Business introductions by email: A reliable formula

Introducing two people in person is preferable. But email intros can be easy, elegant.

WASHINGTON, October 3, 2012 — Just try to introduce people properly to each other during one of those too-loud, too-crowded networking events where everyone must read each others’ lips. A better bet? Morning-after email introductions are actually getting more useful. Properly done, they can convey more information to each person than you can at that crowded, noisy, distracting event. 

Here’s a useful formula you can use over and over again to enhance the unique quality of your business networking introductions. 

Email subject line 

Don’t just type “Introduction” here. Until you tell them otherwise, the two individuals you’re writing to will figure they have nothing in common. But that’s not exactly right: they have you. You’re the common denominator between them, so remind them of that right away. Type: “An Introduction by [Your Name]” 

Getting started 

Don’t omit your “greeting,” even in the email format. At the beginning of the body of your email introduction, write “Dear” or at least “Hi,” before the names of the people you’re introducing. To retain the sense of social balance, I swap the order of names I’ve inserted in the address line of the message header. This means that To: John@xxx.com, Mary@yyy.com in the address line becomes “Dear Mary and John” in the greeting.

 Next, in a separate sentence, begin with something simple, like: 

“It is my pleasure to introduce you to each other,” or “I’d like to tell you more about each other than I could at [zzzzz] the other night.” 

Now the ice is broken and you can move along to the information you’re going to exchange. 

Helpful information 

Swap names again, and give equal attention to the details you provide about each person. Don’t sweat the word count. There’s no need to be OCD about this. Here’s an example: 

John,

I’d like to introduce you to Mary. She’s a college-planning specialist who works with parents and their high-school age kids. I met her yesterday morning at BNI.  Mary told us she can help parents save as much as $10-15K per year in college costs (plus help them get accepted), which I thought was pretty impressive. 

Here’s her contact info:

Mary Smith
mary@college4u.biz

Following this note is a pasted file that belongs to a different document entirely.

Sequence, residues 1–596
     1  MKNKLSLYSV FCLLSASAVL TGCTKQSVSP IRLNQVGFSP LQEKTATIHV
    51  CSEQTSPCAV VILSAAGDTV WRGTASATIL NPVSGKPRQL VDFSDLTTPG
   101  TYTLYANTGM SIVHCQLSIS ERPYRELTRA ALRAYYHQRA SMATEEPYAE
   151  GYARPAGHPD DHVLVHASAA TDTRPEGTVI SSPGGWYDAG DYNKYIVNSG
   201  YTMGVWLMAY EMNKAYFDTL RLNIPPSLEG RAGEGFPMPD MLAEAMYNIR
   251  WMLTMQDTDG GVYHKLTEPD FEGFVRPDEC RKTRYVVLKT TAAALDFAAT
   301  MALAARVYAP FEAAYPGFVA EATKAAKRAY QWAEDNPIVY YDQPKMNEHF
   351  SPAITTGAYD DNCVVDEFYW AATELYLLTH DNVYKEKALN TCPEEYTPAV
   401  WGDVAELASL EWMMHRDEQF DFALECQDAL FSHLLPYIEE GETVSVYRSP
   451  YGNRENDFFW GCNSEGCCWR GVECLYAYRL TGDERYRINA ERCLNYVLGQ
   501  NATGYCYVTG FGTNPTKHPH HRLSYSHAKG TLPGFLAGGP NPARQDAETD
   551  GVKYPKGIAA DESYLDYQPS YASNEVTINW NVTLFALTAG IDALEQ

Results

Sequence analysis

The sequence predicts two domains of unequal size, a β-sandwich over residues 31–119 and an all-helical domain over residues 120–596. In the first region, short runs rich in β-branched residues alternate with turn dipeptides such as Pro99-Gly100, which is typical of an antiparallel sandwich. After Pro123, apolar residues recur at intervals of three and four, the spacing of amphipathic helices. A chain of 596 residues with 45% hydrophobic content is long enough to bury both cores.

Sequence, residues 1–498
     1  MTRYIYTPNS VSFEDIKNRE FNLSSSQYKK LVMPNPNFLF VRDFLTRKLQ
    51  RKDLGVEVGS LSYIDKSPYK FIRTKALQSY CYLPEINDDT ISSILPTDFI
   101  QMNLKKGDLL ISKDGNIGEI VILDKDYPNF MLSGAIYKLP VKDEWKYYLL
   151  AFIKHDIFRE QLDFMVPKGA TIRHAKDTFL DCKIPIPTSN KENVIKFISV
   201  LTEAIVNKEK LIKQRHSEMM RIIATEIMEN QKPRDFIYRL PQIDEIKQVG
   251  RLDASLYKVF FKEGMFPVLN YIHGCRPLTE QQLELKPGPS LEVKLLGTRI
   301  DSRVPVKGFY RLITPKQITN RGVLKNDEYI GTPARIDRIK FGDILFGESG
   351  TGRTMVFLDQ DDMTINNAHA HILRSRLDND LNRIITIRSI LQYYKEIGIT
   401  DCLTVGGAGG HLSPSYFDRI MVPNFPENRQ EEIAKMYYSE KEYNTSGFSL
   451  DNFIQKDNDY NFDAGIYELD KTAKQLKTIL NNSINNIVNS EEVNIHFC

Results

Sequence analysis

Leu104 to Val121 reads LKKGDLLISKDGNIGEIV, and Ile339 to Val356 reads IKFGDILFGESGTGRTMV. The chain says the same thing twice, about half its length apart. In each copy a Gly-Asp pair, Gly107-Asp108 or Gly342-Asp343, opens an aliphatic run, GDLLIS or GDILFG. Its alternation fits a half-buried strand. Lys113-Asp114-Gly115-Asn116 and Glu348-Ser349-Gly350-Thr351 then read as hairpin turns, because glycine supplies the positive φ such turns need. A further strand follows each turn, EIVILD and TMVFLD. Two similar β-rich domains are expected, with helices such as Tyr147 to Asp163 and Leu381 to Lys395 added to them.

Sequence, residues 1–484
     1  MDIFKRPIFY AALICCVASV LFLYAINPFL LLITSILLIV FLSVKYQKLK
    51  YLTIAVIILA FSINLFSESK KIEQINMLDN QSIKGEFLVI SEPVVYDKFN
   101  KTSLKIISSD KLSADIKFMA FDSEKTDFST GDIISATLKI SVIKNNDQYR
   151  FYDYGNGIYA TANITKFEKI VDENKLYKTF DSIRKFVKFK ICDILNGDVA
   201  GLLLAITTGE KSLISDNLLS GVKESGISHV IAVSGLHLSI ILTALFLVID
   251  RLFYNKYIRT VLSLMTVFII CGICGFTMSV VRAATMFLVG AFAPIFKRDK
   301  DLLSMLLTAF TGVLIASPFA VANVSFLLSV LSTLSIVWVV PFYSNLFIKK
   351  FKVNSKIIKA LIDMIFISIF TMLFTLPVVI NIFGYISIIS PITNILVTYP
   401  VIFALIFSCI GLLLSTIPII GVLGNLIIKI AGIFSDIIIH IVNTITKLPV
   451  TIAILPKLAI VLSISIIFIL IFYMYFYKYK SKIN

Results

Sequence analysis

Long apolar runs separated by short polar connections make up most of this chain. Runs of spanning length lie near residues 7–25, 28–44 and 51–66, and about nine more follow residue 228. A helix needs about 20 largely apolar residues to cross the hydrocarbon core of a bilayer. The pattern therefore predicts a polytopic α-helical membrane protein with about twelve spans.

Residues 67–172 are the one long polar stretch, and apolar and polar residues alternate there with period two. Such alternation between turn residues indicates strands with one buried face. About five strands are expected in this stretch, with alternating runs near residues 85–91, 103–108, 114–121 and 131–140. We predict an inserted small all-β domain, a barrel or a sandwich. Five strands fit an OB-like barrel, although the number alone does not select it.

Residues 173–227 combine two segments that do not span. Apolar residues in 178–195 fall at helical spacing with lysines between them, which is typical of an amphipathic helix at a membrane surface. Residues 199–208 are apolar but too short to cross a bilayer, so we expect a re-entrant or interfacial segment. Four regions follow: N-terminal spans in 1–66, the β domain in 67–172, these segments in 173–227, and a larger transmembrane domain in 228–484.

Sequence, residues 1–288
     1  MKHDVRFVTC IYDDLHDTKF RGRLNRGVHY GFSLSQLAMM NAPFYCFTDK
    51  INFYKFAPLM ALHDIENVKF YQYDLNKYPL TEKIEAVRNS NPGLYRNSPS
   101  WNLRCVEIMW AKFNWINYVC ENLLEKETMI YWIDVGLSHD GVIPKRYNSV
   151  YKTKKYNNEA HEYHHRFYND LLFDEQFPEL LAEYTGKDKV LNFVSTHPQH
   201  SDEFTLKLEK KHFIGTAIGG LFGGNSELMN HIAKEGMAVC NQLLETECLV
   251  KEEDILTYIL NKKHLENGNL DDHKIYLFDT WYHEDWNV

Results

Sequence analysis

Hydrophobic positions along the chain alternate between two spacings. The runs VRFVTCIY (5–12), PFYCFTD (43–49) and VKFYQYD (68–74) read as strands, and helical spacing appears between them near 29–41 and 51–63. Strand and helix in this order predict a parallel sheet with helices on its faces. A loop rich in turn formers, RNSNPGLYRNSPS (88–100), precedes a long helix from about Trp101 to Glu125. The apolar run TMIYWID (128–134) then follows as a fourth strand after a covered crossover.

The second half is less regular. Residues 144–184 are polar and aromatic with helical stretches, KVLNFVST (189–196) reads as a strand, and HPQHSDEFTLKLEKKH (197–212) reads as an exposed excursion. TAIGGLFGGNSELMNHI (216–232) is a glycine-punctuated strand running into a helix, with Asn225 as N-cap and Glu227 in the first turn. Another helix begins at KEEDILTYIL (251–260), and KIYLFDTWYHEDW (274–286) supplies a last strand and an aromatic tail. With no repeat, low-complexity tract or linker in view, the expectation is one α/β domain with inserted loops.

www.college4u.biz

102-234-5678



Mary,

I’d like to introduce you to John Jones, who is a private writing tutor. He works with grades 1-12, including kids w/ADHD. I know that essays are an important part of college applications, but so is the ability to write in order to survive in college and in life, and that’s where John can be really helpful.

Here’s his contact info:

John Jones

jj@ucanwrite.com
www.ucanwrite.com

987-654-0123

 

Exit gracefully

Provide information that will connect these individuals to each other without demanding a lot of effort of their part. For example, the introduction above can be rounded off with a sincere compliment: 

“You both seem to be dedicated to the success of children as they move into adulthood, which in my opinion, is pretty hard for kids these days. So it seems to me that introducing you to each other makes a lot of sense.

Best wishes and success to both of you!”

 

[Then sign your name.]

 

After you introduce people to each other via email, there’s no need for you to follow up with another email, and there’s no need to mention your introduction the next time you see either of them, even if they happen to be at the same event. You’ve already accomplished your objective of putting two people in touch with one another. 

Now it’s up to the friends you introduced to take that next step. Your work here is done. And better yet, you’ve accomplished it gracefully and unobtrusively. Simple, easy, and effective.

 

Frances Ponick’s bookOnly Angels Can Wing It: How to Prepare a Eulogy Quickly and Present It Compassionately, is available in paperback from the author and is now available at Amazon.com. She coaches written and verbal communications and is the writer’s block expert at AllExperts. Feel free to ask questions there, or connect with Frances at Twitter, Facebook, and/or LinkedIn

 

 


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Frances Ponick

Fran Ponick is a speaker, author, commentator, teacher, and coach. She has decades of experience in technical, business, marketing, and proposal writing and editing, and has won awards in journalism, formal poetry, and acting. She has also served as a consultant to DoD. Her book, Only Angels Can Wing It: How to Prepare a Eulogy Quickly and Present It Compassionately, is available from Amazon.com.

 

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